There was a concern that the Turkish attacks on the U.S. Kurdish allies would free dozens of ISIS fighters that were captured by those on the ground. According to the Kurds, once Turkey began dropping bombs on the area, there wouldn't be anyone who could stay to guard the prison.
The last thing the U.S. military or any allies wanted was for terrorists to be freed by Turkey's new war. But that's exactly what happened. According to the New York Times, approximately five dozen ISIS prisoners and about 700 family members and sympathizers of the Islamic State fighters "escaped a Kurdish-run camp in northern Syria as Turkish-led assault unleashes chaos."
A Special Forces soldier told Fox News this week that despite knowing the U.S. was supposed to be pulling out and Turkey was on its way to bomb them, the Kurdish people stayed as long as they could to ensure someone was guarding ISIS prisoners.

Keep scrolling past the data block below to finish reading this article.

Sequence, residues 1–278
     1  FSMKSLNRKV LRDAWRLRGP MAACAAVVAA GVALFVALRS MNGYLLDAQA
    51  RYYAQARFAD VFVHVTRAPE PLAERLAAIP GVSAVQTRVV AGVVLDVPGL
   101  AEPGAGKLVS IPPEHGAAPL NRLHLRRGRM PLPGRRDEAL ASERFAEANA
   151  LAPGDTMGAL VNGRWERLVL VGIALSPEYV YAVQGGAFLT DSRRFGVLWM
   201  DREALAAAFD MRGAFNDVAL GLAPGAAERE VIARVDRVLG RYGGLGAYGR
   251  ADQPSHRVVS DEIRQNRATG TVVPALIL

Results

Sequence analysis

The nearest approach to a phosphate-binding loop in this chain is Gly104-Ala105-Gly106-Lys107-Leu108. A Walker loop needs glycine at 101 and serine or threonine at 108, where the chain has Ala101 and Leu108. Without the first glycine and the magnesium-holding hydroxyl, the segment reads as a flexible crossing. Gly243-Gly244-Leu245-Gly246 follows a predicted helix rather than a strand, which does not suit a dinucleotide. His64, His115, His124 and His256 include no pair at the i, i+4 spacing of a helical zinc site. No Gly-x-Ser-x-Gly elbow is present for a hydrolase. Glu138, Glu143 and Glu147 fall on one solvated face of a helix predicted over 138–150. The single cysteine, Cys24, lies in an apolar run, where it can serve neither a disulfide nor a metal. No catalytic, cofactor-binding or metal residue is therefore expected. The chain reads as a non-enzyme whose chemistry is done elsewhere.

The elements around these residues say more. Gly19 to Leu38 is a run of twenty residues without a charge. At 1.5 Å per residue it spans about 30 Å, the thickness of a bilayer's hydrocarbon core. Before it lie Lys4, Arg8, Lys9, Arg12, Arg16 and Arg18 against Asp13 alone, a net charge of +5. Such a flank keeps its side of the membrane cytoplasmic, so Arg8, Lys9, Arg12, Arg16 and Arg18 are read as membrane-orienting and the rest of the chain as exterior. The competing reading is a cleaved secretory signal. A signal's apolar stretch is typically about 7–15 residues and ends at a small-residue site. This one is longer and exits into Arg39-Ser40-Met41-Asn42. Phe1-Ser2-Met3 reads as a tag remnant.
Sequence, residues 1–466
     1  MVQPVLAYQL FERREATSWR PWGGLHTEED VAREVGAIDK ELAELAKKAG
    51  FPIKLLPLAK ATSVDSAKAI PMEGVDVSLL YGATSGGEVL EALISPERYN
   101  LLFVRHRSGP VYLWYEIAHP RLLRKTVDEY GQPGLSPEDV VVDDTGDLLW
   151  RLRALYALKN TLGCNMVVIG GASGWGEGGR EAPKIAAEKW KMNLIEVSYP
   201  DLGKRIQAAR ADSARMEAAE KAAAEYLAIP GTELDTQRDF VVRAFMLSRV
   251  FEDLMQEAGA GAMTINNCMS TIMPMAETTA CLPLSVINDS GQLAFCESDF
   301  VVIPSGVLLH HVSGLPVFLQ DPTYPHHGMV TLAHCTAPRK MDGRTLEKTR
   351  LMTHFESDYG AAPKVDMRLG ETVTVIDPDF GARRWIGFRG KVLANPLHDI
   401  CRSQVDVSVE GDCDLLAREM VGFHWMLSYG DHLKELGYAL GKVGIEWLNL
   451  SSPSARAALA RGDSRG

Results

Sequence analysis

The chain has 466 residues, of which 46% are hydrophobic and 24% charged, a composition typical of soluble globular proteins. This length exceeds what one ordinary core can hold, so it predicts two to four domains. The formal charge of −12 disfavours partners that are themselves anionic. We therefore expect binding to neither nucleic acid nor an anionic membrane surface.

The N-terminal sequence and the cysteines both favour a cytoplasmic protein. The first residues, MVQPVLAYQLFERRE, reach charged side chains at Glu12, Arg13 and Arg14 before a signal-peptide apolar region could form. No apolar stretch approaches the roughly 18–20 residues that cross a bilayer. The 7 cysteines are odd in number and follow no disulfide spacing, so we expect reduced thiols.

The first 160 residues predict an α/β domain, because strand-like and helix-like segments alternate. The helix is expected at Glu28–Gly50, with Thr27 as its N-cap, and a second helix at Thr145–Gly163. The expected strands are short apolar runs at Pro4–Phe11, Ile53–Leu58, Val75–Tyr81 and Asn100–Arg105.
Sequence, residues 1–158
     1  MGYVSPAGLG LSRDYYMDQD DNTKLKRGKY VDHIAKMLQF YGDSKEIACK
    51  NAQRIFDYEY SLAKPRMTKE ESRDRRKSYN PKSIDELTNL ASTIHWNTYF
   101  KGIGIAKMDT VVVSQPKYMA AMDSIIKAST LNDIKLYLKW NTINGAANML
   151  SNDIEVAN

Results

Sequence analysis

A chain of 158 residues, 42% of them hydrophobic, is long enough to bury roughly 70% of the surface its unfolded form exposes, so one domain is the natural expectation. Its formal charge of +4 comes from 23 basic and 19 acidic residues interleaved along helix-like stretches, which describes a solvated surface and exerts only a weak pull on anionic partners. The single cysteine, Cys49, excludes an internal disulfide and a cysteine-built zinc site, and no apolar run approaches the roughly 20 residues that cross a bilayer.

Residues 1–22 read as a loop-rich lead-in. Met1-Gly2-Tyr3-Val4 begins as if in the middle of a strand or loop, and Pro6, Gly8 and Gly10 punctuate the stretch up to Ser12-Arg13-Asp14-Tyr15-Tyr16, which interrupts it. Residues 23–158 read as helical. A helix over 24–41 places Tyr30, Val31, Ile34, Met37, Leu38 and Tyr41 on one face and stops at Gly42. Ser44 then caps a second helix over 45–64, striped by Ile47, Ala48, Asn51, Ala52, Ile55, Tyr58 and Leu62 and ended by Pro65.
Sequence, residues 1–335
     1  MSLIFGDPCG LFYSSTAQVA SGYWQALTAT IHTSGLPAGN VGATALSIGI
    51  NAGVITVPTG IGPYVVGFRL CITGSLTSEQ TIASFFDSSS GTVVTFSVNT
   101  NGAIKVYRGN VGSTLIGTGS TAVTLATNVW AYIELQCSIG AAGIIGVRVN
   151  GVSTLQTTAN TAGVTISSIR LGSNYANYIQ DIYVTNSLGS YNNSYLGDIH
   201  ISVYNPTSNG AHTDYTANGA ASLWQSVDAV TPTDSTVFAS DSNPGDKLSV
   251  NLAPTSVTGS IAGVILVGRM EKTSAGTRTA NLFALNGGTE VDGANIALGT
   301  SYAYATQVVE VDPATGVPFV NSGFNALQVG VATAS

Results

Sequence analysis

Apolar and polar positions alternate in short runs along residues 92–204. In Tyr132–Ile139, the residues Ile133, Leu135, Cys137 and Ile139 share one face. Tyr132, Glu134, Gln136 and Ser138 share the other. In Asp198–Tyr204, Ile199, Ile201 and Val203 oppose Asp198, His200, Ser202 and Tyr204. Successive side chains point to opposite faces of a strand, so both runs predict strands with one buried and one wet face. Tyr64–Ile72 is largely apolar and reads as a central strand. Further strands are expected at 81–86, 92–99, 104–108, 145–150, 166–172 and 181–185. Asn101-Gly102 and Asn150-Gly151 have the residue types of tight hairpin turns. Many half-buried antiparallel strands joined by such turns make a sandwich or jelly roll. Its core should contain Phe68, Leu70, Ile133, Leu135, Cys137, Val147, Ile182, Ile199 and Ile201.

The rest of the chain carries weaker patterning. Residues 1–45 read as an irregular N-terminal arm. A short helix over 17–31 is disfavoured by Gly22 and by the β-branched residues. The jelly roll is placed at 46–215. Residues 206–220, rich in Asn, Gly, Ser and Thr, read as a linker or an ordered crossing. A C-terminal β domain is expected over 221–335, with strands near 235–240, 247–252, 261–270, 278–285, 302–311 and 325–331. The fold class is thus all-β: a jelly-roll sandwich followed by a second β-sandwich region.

"They prevented a prison break last night without us," the soldier said Wednesday. "They are not abandoning our side (yet)."
He warned Wednesday that the ISIS fighters would likely be free in the coming days or weeks. It took just four days for ISIS to be free again and back on the battlefield.
By Sunday, those prisoners and supporters went unguarded as Kurds fled for their lives.
"[Trump] doesn't understand the problem. He doesn't understand the repercussions of this. Erdogan is an Islamist, not a level-headed actor," the soldier said. "This is not helping the ISIS fight."
Indeed, these ISIS fighters could easily head to Europe and even fly to the United States.
"ISIS has already claimed responsibility for at least two attacks since the start of the invasion, including one car bomb in a border city, Qamishli, and another on an international military base outside Hasaka, a regional capital further to the south," The Times noted.